Less than a month after his predecessor fell from power in the controversy over Mexico's lowering of oil prices by $4 a barrel, the new head of the state-owned oil company, Pemex, announced last week that Mexico was trying once again to raise its price.

But foreign analysts here believe there is little possibility of pushing exported petroleum from its current $30.60 a barrel to as much as $32.60, as the new Pemex director, Julio Rodolfo Moctezuma Cid, hopes, given the surplus of oil on the market.

"Several U.S. companies have said that if the price goes back up by $2 they'll have to cut their contracts in half," said one analyst here. "I can see maybe 60 or 70 cents, but $2? I would tend to say no."

Although not a member of the Organization of Petroleum Exporting Countries (OPEC), Mexico generally parallels the cartel's pricing policies. It has been particularly hard hit by the current surplus of oil and the resulting downward pressures on prices and production that have created a buyers' market for the first time in years.

The rapid development of the petroleum industry here since 1976, making Mexico the world's fourth largest oil producer after the Soviet Union, the United States and Saudi Arabia, had created an atmosphere of endless growth that seems threatened.

When former Pemex director Jorge Diaz Serrano restructured the state-owned monopoly's pricing structure for its various grades of crude oil to reduce, in effect, the cost by $4 a barrel June 2, a storm of dissension broke within the Cabinet. Diaz Serano, until that day one of the country's most prominent politicians, was forced to resign even though most industry analysts believe Mexico had little choice on pricing.

Within two weeks President Jose Lopez Portillo, who had approved the new figure, was criticizing it. Minister of Industrial Development Jose Andres de Oteyza, who reportedly opposed it, was calling the price drop "precipitous" and vowing that it would last no longer than 30 days.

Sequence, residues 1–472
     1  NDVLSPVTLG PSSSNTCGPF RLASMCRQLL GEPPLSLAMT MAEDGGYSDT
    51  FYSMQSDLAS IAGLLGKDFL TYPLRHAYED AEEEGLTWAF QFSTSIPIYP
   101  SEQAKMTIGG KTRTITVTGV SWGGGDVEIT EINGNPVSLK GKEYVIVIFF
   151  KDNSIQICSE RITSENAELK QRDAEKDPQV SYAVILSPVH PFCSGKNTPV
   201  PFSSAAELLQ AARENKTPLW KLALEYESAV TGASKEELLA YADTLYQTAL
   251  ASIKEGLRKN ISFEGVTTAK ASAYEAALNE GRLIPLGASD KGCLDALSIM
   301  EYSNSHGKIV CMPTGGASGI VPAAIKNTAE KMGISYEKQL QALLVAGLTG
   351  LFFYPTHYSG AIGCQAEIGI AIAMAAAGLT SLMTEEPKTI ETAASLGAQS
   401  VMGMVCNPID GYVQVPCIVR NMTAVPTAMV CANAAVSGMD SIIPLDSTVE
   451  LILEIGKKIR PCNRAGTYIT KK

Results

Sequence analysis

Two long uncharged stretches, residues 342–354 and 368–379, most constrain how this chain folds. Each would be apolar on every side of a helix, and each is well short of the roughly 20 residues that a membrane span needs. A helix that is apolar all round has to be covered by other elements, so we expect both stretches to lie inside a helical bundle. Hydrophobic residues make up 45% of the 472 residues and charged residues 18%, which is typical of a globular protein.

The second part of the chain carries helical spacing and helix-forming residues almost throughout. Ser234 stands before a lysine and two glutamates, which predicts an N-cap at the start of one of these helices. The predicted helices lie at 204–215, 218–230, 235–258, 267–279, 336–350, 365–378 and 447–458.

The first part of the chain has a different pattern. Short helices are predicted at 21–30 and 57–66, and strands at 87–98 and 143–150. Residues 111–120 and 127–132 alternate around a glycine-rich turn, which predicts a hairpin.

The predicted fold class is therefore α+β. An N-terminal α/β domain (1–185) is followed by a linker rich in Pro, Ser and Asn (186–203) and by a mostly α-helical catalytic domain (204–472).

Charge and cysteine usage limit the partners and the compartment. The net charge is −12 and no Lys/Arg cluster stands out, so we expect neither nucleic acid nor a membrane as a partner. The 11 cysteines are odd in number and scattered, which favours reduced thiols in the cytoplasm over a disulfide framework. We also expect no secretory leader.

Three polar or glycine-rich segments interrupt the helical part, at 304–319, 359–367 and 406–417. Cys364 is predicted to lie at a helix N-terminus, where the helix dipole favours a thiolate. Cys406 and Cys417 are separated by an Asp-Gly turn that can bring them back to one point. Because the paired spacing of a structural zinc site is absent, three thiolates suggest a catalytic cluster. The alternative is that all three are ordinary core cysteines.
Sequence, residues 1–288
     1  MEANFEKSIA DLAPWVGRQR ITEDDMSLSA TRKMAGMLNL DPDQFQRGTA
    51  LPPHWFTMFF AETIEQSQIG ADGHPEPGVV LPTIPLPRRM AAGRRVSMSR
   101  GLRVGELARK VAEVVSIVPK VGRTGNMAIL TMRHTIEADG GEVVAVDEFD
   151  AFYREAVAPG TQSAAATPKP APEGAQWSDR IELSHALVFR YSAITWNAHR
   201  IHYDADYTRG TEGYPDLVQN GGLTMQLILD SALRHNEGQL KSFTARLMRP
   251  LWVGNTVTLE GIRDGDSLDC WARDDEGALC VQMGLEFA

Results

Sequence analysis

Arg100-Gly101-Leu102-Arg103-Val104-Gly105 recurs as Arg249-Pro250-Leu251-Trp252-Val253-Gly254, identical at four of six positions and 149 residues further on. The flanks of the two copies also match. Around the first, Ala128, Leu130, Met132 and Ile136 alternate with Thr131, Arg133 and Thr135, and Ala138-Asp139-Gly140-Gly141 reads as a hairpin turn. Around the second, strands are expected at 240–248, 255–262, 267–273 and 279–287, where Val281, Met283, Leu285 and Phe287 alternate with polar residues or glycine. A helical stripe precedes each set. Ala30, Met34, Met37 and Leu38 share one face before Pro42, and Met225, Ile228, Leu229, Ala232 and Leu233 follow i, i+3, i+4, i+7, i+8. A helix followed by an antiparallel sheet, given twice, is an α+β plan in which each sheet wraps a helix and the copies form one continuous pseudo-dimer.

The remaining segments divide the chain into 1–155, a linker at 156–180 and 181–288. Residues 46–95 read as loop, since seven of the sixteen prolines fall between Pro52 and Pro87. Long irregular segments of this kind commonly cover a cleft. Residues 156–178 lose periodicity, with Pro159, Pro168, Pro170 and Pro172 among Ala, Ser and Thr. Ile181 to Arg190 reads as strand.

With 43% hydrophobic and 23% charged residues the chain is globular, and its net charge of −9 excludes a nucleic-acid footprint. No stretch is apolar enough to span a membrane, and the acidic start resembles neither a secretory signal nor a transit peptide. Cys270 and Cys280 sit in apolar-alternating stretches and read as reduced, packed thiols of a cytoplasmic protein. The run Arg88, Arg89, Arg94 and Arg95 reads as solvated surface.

Even with lowered prices, Moctezuma Cid said, Mexican sales have dropped 310,000 barrels a day this month. The daily loss comes to almost $10 million.

Prolonged losses of this sort could have a profound effect on Mexico's development plans, which depend on Pemex for 30 percent of the federal budget, according to Moctezuma Cid.

Mexico, which claims potential reserves of 250 billion barrels, planned to be exporting 1.5 million barrels a day by now, but finds itself far short of that. Meanwhile, the anticipated deficit of Pemex for this year is approaching $2 billion.

In an attempt to overcome such problems, Moctezuma Cid has proposed a sweeping restructuring of Pemex, emphasizing aggressive overseas marketing, broadening of the company's clientele, creating a new investment and financial structure, pumping more sought-after light crude and considering breaking down some of the less desirable heavy oil before attempting to export it.

Much of Mexico's oil is so heavy and so contaminated with sulfur, nickel and other metals that few refineries want to touch it. At the same time as the June 2 price reduction Pemex instituted a new mix for exportation that would "sweeten" the barrels a little more than the 60 percent heavy and 40 percent light mixture previously exported.

Japan, an enormous potential market for Mexican oil, has more petroleum than it can store, according to analysts here. If the Mexicans could end postponements to opening new deep-water port facilities at Salina Cruz on the west coast, Japan, since it would not be ncecssary to carry the oil through the Panama Canal, would be able to take advantage of an almost 50 percent reduction in shipping costs, but Moctezuma Cid said yesterday November would probably be the earliest date of operation.